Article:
Jørgen Thorsell and Justin Bridge explore new perspectives on achieving immediate impact from executive development.
Executive development is no longer simply about offering learning that leads to new insights and changed behaviour. Today it is about creating immediate impact in support of change. The challenge is how executive development can keep up with the demands for successful leadership in times of rapid change.
Executive development has come a long way over the past few decades. The toolbox has grown to include a rich assortment of different approaches. But how effective are those tools when it comes to preparing executives to meet the demands for radical changes? Are these tools right for what we need today? And how well are they meeting the needs for achieving immediate impact on job performance?
This article argues that tools are a hierarchy of effectiveness in terms of their potential for delivering immediate impact. This hierarchy is determined by how effective a tool or method is in offering learning that is truly relevant to the actual challenges an executive is facing at that moment. The higher the relevance, the more likely the method is to deliver immediate and sustained impact on job performance. Figure 1 shows such a hierarchy, which is discussed in detail in the rest of the article.
The challenges of teaching business theory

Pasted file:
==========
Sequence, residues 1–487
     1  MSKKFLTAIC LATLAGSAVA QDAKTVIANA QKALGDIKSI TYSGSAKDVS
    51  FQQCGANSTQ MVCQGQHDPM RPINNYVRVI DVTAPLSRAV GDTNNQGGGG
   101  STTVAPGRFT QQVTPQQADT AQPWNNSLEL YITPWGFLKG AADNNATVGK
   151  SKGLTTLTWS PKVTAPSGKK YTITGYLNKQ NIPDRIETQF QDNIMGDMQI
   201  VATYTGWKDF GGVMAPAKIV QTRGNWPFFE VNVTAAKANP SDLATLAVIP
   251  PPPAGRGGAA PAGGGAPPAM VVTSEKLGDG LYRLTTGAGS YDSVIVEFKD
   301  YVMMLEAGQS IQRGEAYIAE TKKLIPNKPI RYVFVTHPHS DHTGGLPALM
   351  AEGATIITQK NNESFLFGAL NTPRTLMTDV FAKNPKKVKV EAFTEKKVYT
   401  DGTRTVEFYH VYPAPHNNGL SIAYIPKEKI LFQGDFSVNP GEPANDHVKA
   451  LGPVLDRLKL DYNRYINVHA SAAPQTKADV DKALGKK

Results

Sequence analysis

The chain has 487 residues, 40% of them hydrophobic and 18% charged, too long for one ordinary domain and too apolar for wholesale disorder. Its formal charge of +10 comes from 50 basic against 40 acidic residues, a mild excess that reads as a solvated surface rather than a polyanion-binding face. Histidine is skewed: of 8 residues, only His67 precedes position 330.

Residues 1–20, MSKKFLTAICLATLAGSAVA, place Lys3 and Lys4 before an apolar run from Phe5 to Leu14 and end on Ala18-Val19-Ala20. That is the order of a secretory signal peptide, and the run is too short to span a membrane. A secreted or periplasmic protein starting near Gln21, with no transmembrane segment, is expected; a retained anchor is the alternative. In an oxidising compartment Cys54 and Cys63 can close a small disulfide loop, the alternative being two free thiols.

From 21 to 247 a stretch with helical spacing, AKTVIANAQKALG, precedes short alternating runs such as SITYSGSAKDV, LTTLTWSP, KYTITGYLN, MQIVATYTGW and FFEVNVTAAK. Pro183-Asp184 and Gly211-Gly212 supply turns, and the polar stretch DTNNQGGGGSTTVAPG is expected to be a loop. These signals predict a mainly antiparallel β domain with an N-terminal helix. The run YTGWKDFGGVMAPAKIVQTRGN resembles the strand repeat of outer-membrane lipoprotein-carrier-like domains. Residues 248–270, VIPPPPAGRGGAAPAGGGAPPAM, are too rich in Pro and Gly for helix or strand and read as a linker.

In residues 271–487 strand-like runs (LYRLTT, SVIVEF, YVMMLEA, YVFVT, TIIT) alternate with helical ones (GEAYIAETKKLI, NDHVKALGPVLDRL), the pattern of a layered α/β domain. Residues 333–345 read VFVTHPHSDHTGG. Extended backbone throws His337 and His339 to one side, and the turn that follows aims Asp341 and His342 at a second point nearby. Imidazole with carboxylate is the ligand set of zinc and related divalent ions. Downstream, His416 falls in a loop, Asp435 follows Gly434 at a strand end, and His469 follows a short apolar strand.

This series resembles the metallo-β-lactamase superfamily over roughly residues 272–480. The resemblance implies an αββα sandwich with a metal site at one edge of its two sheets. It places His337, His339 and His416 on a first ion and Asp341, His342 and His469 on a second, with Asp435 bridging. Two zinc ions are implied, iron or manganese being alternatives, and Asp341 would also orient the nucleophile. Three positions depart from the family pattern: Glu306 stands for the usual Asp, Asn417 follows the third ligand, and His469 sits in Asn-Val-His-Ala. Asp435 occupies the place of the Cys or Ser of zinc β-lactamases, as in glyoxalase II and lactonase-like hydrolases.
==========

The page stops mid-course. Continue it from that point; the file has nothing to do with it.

Well-documented theory should be the basis of effective executive learning whatever the choice of method. When best practices are studied carefully and academically “processed”, theory is what all business development should be solidly grounded in.
The challenge is how to make theory useful precisely when it is needed in real life. Business schools have long taught theory in MBA classrooms and, generally speaking, “teaching theory” has been the preferred methodology for preparing students for a successful executive career. Even so, following graduation most students have felt a big gap between theoretical knowledge and becoming a successful executive.
Simply teaching theory as a one-way approach has been viewed by learning and development practitioners as the least effective way of preparing executives for success. That way of learning has consistently been rated lowest in attractiveness when we have studied successful executive development in recent years (Mannaz: Innovation in leadership development 2007, Mannaz: Global leadership development 2011, Mannaz: Preparing Chinese leaders for the global business world 2013).
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